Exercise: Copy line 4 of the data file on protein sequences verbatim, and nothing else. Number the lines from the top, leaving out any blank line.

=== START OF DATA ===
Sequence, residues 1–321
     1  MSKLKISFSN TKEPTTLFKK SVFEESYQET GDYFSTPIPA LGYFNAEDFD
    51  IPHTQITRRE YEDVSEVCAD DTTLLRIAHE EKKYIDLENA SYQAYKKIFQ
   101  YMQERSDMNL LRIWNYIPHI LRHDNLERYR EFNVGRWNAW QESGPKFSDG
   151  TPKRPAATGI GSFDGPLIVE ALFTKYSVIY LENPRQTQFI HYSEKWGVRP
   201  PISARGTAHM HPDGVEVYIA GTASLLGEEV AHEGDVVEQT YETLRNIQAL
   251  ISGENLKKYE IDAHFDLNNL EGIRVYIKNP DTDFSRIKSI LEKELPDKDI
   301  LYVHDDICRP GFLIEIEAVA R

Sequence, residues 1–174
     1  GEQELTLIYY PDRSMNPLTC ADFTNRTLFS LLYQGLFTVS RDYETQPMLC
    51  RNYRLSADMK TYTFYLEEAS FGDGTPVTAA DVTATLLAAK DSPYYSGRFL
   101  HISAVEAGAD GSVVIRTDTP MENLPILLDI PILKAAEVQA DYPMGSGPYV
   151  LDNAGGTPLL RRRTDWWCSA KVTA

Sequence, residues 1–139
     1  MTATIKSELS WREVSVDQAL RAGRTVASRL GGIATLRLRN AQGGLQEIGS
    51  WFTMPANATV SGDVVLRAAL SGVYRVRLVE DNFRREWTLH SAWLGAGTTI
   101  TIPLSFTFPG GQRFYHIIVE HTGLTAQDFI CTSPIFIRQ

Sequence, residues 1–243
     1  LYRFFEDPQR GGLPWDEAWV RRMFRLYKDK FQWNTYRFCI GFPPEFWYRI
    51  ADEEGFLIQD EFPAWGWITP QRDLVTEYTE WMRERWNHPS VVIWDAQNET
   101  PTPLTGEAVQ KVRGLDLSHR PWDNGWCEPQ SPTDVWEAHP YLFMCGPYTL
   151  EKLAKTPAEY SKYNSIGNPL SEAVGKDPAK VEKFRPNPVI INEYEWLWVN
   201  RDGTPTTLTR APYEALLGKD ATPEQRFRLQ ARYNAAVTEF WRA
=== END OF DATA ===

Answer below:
   101  YMQERSDMNL LRIWNYIPHI LRHDNLERYR EFNVGRWNAW QESGPKFSDG